Adolescents with congenital heart disease need to increase their resilience in the face of challenges in order to preserve their health and quality of life. This study aimed to develop a resilience improvement program for adolescents with congenital heart disease and also to evaluate any change in resilience and quality of life as a measure of the effectiveness of the resilience improvement programs. A nonequivalent control group pretest-posttest study was designed. Twenty-five adolescents who attended the first resilience improvement program were included in the experimental group, and 31 adolescents who took part in the second program were placed in the control group. Adolescents with congenital heart disease completed a self-report questionnaire on three separate occasions: the pretest, the first posttest and the second posttest. The self-report questionnaire included general characteristics and instruments to measure resilience and quality of life. For the longitudinal analysis, generalized estimating equations were used to evaluate the difference in the estimated average trajectories of resilience and quality of life changes. Independent predictors of resilience improvement in adolescents with congenital heart disease were the experimental group ( p=0.02) and middle and high school students ( p=0.02). Quality of life was not associated with membership in the experimental group. However, males scored higher than females on quality of life measures ( p=0.02). It is essential for healthcare providers to apply various programs, including those targeted at accepting illness, improving autonomy and independently managing disease, to adolescents with congenital heart disease.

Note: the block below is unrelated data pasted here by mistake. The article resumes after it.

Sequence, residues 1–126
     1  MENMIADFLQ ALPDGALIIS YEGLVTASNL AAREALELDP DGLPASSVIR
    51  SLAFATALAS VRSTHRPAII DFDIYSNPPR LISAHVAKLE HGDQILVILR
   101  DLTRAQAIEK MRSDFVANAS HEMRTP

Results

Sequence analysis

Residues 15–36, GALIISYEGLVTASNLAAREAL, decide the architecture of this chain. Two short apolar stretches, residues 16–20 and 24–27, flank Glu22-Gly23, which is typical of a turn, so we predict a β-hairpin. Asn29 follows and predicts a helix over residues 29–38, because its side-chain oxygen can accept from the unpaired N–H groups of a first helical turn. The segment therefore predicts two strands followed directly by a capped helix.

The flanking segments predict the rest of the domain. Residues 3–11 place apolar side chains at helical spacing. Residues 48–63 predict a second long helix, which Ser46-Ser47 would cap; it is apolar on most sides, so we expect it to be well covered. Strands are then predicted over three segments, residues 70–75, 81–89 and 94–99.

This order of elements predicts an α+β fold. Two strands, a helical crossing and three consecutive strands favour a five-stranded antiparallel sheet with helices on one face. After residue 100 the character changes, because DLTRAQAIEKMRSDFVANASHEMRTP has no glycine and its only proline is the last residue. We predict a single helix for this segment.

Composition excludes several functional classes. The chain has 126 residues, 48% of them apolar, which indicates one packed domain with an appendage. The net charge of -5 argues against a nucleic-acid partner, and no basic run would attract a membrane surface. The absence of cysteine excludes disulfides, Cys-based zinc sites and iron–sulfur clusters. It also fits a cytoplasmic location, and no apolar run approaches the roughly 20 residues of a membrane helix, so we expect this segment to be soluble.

17. Increasing mortality burden among adults with complex congenital heart disease.

    Science.gov (United States)

    Greutmann, Matthias; Tobler, Daniel; Kovacs, Adrienne H; Greutmann-Yantiri, Mehtap; Haile, Sarah R; Held, Leonhard; Ivanov, Joan; Williams, William G; Oechslin, Erwin N; Silversides, Candice K; Colman, Jack M

    2015-01-01